*227 After appellant had awakened, he required assistance to emerge from the car. Appellant's eyes were bloodshot, his speech was slurred, and his gait was unsteady. Then, appellant was given and failed two field sobriety tests. Hence, the officers placed appellant under arrest for Driving Under the Influence of Alcohol. After appellant was placed under arrest, the police asked appellant whether he wanted one of the officers to move his automobile immediately or have it towed to another location later, because it presented a hazard to other motorists. Appellant elected for the officers to move his car at that moment. Accordingly, Officer Salandro removed the automobile from the berm of the road and drove it across the road to a large gravel parking lot. Next, the officers took appellant to Memorial Hospital in order to test his bloodalcohol level. Before appellant's blood was drawn, he struggled as he was un-handcuffed and kicked a nurse in her leg and stomach. Appellant's blood was subsequently drawn at 2:05 a.m. and found to include .24% alcohol by weight. After appellant's blood was drawn, he resisted police efforts to re-handcuff him and kicked Trooper Kern in the groin area before he could be subdued.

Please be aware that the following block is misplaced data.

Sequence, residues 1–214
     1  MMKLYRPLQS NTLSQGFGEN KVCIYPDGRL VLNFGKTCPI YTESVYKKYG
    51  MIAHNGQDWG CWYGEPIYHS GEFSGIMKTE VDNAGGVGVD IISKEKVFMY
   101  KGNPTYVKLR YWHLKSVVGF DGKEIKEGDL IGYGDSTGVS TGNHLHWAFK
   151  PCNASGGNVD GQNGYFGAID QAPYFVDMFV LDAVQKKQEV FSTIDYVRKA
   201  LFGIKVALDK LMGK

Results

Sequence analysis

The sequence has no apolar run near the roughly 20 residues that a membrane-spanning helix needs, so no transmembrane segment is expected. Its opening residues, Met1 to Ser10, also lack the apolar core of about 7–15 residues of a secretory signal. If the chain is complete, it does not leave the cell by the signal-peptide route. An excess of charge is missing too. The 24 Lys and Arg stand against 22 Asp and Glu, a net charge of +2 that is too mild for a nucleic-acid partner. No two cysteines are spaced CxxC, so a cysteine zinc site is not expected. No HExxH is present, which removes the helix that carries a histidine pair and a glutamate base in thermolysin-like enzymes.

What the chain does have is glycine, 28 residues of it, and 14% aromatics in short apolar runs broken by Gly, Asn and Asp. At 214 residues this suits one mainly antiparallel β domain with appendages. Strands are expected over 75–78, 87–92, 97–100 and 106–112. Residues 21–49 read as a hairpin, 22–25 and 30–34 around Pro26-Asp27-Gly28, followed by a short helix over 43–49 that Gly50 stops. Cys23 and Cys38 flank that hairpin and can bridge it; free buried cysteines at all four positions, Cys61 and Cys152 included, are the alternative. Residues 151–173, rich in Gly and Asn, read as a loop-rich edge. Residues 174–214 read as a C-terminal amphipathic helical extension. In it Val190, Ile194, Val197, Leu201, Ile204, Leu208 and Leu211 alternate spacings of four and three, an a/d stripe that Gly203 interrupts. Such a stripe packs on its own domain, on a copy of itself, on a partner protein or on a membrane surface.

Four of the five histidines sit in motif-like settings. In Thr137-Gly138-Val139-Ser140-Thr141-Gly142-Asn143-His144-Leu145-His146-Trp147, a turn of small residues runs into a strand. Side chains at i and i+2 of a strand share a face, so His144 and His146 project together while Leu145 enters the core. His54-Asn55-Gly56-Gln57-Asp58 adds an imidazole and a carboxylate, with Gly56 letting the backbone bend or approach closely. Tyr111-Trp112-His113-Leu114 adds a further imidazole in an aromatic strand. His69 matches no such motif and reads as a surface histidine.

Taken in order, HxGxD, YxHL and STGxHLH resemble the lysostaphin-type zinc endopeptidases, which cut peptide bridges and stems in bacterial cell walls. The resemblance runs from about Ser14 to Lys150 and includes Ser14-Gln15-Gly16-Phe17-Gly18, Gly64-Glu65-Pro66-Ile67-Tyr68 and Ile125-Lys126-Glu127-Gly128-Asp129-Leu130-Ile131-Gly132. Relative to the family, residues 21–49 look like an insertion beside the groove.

Appellant challenges the sufficiency of evidence with respect to the "actual physical control" element of the driving under the influence of alcohol crime. Appellant was convicted of the following three subsections of 75 Pa.C.S.A. § 3731, Driving Under the Influence of Alcohol:*228 (a) Offense defined. A person shall not drive, operate or be in actual physical control of the movement of any vehicle: (1) while under the influence of alcohol to a degree which renders the person incapable of safe driving; ... (4) while the amount of alcohol by weight in the blood of the person is 0.10% or greater; or (5) if the amount of alcohol by weight in the blood of the person is 0.10% or greater at the time of a chemical test of a sample of the person's breath, blood or urine, which sample is: (i) obtained within three hours after the person drove, operated or was in actual physical control of the vehicle.